Underappreciated Actors Reappraised: Keanu Reeves -The Toast

Skip to the article, or search this site

Home: The Toast

We can all think of actors who aren’t as appreciated as they should be, whether they are consistently stuck in roles that are beneath their talent, their screen persona is chronically misunderstood, or they have become a cultural meme that obscures the true beauty of what they create on that flickering screen.

In our opinion there is no filmic presence like that of Keanu Reeves. He’s unique, a gift to us all. We live here within the Keanu-as-actor timeline, and we are lucky to do so — imagine if we lived in some other part of the Keanu timeline, when we couldn’t rewatch his movies over and over again. What follows are our recommendations of the key texts that will allow you to discover, understand, and more fully appreciate the joy that is Keanu. These aren’t necessarily all great films, or even his best performances, but they do get to the core of why he needs to be more appropriately considered as one of our most singular and treasured actors.

Remember, there are no small Keanus, only small movies.


This movie is a sad indictment of America’s education system, where children are threatened with expulsion with no warning and history presentations take place in front of the whole school. The propensity of Bill and Ted to mispronounce and misunderstand words, at first by accident and later intentionally, is utterly charming and reflects us all — who amongst us hasn’t mispronounced a word we’ve only previously ever read? We all of us have something to learn. Bill and Ted are our every people, reminding us that history has different interpretations and that puns are timeless.

Keanu Rating: When he appears to Joan of Arc in a beam of light, answering her prayers, truly, we are all Joan of Arc.


While one may be tempted to view Keanu’s role in Parenthood as an in-character pit stop between the two Bill & Ted films (there’s a lot of floppy hair and exclamations of “dude!”), the true glory of his Tod can be summed up in this one scene. Not only does he reassure Dianne Weiss that he has educated her son, Baby Joaquin Phoenix, on the topic that masturbation is nothing to be ashamed of, he then goes on to drop some serious truth bombs about sub-par fathers.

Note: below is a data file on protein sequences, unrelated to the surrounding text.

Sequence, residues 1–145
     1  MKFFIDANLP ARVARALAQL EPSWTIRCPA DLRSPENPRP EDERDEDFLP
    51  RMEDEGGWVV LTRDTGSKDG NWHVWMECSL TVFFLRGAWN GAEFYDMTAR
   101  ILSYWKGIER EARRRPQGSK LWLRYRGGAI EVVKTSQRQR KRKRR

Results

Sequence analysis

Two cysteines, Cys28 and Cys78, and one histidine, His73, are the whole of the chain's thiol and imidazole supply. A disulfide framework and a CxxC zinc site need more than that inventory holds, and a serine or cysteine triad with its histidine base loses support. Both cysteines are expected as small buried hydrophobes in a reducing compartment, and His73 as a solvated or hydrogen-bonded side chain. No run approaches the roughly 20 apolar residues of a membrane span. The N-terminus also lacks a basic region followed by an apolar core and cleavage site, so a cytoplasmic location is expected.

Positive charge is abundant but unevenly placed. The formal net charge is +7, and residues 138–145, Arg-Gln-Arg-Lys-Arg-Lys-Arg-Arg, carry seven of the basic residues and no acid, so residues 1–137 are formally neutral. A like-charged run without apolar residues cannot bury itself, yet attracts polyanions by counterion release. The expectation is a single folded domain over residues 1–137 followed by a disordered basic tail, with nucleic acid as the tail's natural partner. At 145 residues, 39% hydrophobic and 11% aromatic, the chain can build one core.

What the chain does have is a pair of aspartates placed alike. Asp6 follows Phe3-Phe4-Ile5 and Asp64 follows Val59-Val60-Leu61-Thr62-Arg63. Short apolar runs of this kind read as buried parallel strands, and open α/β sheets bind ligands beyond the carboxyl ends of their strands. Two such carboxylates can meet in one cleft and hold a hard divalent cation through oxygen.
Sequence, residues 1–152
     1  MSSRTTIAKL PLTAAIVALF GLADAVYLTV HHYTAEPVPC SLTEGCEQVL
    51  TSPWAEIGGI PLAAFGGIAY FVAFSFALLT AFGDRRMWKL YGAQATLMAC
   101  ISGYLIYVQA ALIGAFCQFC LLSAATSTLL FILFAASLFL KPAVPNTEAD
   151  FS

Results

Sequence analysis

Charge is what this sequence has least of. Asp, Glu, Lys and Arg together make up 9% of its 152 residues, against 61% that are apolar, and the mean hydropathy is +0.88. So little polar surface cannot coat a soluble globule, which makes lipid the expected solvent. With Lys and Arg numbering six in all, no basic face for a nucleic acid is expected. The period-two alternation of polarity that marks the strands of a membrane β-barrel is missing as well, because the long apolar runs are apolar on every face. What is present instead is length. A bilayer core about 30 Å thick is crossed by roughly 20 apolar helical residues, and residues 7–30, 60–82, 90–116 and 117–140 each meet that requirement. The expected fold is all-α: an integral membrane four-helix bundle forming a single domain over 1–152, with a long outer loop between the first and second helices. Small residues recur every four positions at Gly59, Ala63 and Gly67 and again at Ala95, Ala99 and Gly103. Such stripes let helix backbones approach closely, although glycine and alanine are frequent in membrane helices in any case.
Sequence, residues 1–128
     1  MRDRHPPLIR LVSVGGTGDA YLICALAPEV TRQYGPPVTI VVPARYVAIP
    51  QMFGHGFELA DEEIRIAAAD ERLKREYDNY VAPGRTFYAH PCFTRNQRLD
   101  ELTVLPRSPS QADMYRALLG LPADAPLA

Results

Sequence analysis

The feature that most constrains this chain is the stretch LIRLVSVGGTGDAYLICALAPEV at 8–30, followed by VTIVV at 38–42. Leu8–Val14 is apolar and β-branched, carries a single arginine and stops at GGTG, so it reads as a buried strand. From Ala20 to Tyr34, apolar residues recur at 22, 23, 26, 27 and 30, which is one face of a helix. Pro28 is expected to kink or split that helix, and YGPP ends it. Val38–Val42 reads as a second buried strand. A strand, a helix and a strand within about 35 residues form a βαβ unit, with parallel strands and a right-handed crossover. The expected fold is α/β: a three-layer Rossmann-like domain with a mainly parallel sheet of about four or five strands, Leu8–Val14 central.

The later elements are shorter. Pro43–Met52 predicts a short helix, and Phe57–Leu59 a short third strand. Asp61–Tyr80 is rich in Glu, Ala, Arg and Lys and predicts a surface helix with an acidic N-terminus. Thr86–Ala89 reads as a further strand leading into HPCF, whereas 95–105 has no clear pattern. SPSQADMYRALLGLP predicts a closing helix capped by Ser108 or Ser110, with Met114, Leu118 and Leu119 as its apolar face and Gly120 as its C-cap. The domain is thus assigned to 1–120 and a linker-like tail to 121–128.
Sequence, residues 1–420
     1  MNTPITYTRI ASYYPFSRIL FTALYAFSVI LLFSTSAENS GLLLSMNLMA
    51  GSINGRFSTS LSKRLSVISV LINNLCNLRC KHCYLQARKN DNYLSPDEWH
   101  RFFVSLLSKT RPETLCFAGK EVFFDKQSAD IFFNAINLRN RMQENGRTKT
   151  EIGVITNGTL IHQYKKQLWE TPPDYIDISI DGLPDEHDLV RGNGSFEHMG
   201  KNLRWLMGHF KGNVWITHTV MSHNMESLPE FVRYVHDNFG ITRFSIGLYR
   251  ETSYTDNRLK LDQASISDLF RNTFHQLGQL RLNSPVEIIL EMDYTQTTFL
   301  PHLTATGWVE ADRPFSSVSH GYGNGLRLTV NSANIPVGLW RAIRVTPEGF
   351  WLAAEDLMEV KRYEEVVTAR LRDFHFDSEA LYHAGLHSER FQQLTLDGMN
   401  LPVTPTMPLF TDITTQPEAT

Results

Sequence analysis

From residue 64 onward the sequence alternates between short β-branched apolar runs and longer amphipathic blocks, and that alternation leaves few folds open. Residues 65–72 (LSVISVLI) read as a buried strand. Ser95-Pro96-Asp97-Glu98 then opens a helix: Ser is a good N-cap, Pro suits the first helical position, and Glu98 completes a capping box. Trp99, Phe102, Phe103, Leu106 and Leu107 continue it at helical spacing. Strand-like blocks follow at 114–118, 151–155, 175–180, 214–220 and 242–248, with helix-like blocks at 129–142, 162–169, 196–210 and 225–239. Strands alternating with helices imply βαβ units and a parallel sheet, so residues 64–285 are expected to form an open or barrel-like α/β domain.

Keanu Rating: Staring into middle distance with a smile playing about your face while whispering “how could we not have foreseen what was to come, how were we so blind”.


This is it, the ultimate ride. The role that created and cemented so much of what the Keanu Reeves filmic presence represents. For the first time he is an above-the-title action hero, and if you are ever going to understand 1990s American cinema, you must understand Keanu during this decade.

’90s cinema is Keanu sass-talking Gary Busey, yet listening respectfully to Lori Petty as she begrudgingly teaches him to surf, unafraid to acknowledge a woman as the expert. It’s how he riffs on his own persona, drawling out “dudes” and “brahs” yet is razor-edge-focused on his pursuit of the surfer bandits, ever learning, ever evolving. And it’s in his charged interplay with Patrick Swayze’s Bodhi, who seduces Keanu with talk of love and peace — but like most white men who appropriate Eastern philosophies, it’s all a smokescreen to behave like a dickhole.

We’re all chasing and trying to catch a Patrick Swayze in our own lives, the inspirational figures who have turned sour and corrupt yet we cannot bring ourselves to aim our guns anywhere but at the sky. And it will bring us all undone.

Keanu Rating: “100% Utah, good job!”


Ancient film lore has it that River Phoenix’s agent refused to send him the treatment for this film, so Keanu rode on his motorcycle from Canada to Florida to bring it to him in person, and if you aren’t on the floor from that information, we cannot help you.

At this point in his career, Keanu’s cynical, prodigal son hustler here is somewhat of a shock. It works, though. Keanu is so matter-of-fact, blunt but mostly true. He may only be on the streets as a rebellion against a world that he will return to as soon as he can control the wealth that comes with it, but he sees more clearly the lies and dead ends of hustling than anyone else, especially more than River and his shining innocent face. Poor River who is intensely feeling every feeling under the sun, and poor Keanu who doesn’t want to feel any feelings at all. They are beautiful and entwined and completely doomed, and when Keanu betrays River he does it with a selfishness that makes complete sense. That won’t stop us, or River, longing for that iciness to drop and for tenderness to creep through one last time. Please.

Keanu Rating: Everything in this is a GODDAMN MASTERPIECE why aren’t you watching it every day of your life.


There’s 20 years worth of spit and ridicule devoted to making you think Keanu is the worst thing in this movie, but it’s a fire trap of insidious lies. The thing about an actor like Keanu is that they are incapable of telling the audience falsehoods. The essence of a film is channelled through them, and we see its true heart. Keanu seems confused, out of step, out of time in this film because he, like us, knows that this film is the most bananas, out of control gothic shitshow to ever be committed to celluloid. He looks into our eyes, and cannot tell us that this film is anything but what it is. We are Keanu, he is the only means of escape.